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Investor optimism reined in the mid-1990s as the US economy accelerated amid a revolution in technology. As these developments unfolded, the term “The New Economy” became increasingly popular. Tech stocks fueled a powerful market rally that continued through the remainder of the decade. Securities firms such as Goldman Sachs, Merrill Lynch and Morgan Stanley benefited from a high volume of initial public offerings (IPOs) and dot-com stocks. During the boom the role of equity analysts on Wall Street changed as they were turned into marketers. True to its colors, Morgan did not want to play that game, but this made it more difficult to gain market share. During this period the largest banks engaged in a series of mega-mergers, one of the most prominent being Chemical Bank’s acquisition of Chase Manhattan in 1995.
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Robert Teitelman, “Morgan Enters the Warner Era,” Institutional Investor, March 1996, p. 62.
Ibid., p. 61.
Ibid., p. 61.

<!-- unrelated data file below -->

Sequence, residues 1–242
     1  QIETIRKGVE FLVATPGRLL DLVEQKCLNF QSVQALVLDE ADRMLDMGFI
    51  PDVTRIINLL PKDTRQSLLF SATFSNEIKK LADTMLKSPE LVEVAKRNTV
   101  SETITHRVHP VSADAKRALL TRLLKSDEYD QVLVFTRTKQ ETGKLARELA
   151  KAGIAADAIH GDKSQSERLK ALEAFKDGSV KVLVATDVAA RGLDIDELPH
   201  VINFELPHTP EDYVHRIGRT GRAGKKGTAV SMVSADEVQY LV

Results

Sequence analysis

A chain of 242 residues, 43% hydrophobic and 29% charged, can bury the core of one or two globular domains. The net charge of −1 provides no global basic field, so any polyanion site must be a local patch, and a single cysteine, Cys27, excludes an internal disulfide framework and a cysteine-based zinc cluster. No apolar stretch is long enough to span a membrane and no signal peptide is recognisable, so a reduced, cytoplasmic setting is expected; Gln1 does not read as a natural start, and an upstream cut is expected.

Nicholas Sargen, Global Shocks, Palgrave Macmillan, 2016, pp. 122–123.
Economist Robert Gordon, an acknowledged expert on productivity, disputes this interpretation. He contends the increased use of computers was one of five positive shocks.
“The New Economy,” by Charles Alexander, Time magazine, May 30, 1983.
Jay R. Ritter, “Initial Public Offerings: Updated Statistics,” University of Florida, March 8, 2016.
Nelson D. Schwartz, “The Ugly Truth about IPOs,” Fortune, November 23, 1998.
Wikipedia, “Private Equity in the 1990s.”
Saul Hansell, “Banking’s New Giant: The Deal,” The New York Times, August 29, 1995.
Alan Greenspan, “The Challenge of Central Banking in a Democratic Society,” December 5, 1996.
- Technology and the New Economy
Nicholas P. Sargen
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